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PAL youth demonstrate committed citizenship

August 10, 2017

People who think that young people are disinterested and disengaged haven’t met some of the students participating in the PAL Coalition program. The youth, who all live in the 7th Street corridor – Park Hill, Algonquin and Old Louisville – are very interested and engaged, and fully committed to improving their lives, neighborhoods and community.

At a mid-day presentation Wednesday, several of the youth – some of them refugee students from Africa – spoke about their concerns and commitment. Topics included beautification, poverty, food deserts and access to healthy and wholesome food, substance and alcohol abuse, education, jobs and opportunity.

Community leaders could learn a lot from them.

PAL, a program of Family & Children’s Place, is a community-based coalition of individuals, businesses, organizations, faith, schools and others working to reduce substance abuse by young people who live in the 7th Street corridor. It connects and engages young people in the prevention efforts to bridge gaps between community, school and home life.

Youth come together with PAL leaders and volunteers, like state Rep. Joni Jenkins and Darryl Turpin, a principal at The Pinwheel Group, which works with African American males, at the PAL Center, an after-school program at Lynnhurst United Church of Christ on Taylor Boulevard. There they get homework help, learn about advocacy, play games and basketball – have a place to go to be kids and see old and make new friends.

And they are using what they learn.

In the spring, students performed community assessments. They walked their neighborhoods, taking notice of the overall environment. Of the condition of streets and sidewalks – if there were sidewalks. Of the number of liquor stores and the overwhelming advertising of alcohol, noting that in some places, the price of beer was less than the price of water. Of trash and debris, abandoned houses, empty and cluttered lots, etc.

The students get that their environment affects their lives in ways large and small. So they took what they saw – and photographed – and turned it into a PhotoVoice project to represent “My Normal,” the things they witness and experience every day. They’re using the posters and information to drive change to clean up and improve their community.

“PhotoVoice isn’t an art project, said Turpin Wednesday. “It’s an advocacy tool that gives young people the voice to influence their community, institutions and policymakers. It lets them use their community’s to help identify the root causes of social determinants such as poverty, drug and alcohol abuse, trash and unsafe conditions.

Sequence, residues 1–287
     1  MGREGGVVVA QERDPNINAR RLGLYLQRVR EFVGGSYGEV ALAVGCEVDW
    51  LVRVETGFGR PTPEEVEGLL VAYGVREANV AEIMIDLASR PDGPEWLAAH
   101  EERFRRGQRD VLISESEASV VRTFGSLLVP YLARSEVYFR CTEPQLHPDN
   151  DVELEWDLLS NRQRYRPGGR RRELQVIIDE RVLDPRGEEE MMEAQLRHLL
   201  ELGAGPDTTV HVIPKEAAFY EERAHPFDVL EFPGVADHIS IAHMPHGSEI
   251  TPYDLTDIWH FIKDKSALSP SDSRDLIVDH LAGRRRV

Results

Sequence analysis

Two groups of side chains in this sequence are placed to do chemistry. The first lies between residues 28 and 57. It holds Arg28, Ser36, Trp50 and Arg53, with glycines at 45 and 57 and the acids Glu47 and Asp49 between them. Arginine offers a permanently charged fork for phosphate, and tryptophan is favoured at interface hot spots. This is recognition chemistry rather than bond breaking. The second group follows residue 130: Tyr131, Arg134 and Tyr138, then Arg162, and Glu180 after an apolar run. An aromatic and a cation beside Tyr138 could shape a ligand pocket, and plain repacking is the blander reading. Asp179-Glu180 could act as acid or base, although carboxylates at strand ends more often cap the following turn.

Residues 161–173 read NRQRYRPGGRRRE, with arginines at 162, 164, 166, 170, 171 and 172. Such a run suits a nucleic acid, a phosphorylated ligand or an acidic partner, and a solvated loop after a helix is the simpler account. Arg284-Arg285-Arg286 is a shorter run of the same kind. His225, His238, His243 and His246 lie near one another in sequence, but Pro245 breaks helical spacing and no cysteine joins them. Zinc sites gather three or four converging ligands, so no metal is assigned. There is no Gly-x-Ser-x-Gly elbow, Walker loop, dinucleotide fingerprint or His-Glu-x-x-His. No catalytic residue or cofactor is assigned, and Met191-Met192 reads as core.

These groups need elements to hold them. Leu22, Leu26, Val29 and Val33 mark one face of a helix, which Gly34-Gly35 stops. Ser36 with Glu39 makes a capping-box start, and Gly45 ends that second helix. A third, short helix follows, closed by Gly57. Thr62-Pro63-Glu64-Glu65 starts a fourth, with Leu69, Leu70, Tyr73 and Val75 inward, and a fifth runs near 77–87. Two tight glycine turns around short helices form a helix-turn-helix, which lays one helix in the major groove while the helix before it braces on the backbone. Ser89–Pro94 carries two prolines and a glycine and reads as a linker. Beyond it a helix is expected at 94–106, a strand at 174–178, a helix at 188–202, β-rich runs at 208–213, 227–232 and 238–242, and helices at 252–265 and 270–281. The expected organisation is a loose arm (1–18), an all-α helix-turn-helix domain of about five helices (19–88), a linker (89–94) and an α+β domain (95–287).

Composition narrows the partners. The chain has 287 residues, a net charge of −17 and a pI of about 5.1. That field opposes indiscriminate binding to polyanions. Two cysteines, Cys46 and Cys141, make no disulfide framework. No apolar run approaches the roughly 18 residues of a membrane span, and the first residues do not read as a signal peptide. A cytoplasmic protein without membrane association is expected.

“It’s a vehicle for change,” he said.

The goals, the students say, is a better community. Access to good and healthy food, the chance for a good education, a good job, a safe neighborhood – the same things all children and families aspire to.

And they’re already making a difference. One community store frequented by young people prominently featured an overwhelming amount of advertising about alcohol in front of, around and in the store. The alcohol also was present throughout the store, not in a single designated area, so they spoke with city officials who spoke with the store, which has agreed to reduce the promotion and presence of alcohol.

That’s a big win for the kids and a community where alcohol is a significant contributor to poverty, violence, child abuse and other issues.

Students talked about the need for healthy food, too, noting that fresh fruits and vegetables are hard to come by in their neighborhoods. “We need these foods to be healthy,” said one student, “and we have little to no way to get it.”

“Here in Louisville, in this area, is a food desert,” said another, an area where there is limited access to healthy, wholesome food. “Processed foods contribute to obesity, diabetes and other major health issues. We all need to be able to enjoy foods that are good and good for us.”

One of the students worked this summer at Oxmoor Farms, and said that it really opened her eyes about the foods she should eat. The experience has led her to consider farming as a future. Another student who is interested in pursuing engineering is considering agricultural engineering – all results of their PAL experience.

The youth also said they wanted to use their experience to help others.

“We need to educate ourselves first so that we can better educate others,” he said. “We need to encourage and equip people to get involved and active, and to help the next generation behind us.”

A refugee student from Zaire said he wanted to volunteer to help others like himself – to mentor and work with immigrant families, with young refugees as they come into the community.

“I want to help people from other countries and cultures, to use my experiences to help them as they make their way through the system. To help with their transition and progress, he said.

For more information about the PAL Coalition, visit this link or the group’s Facebook page.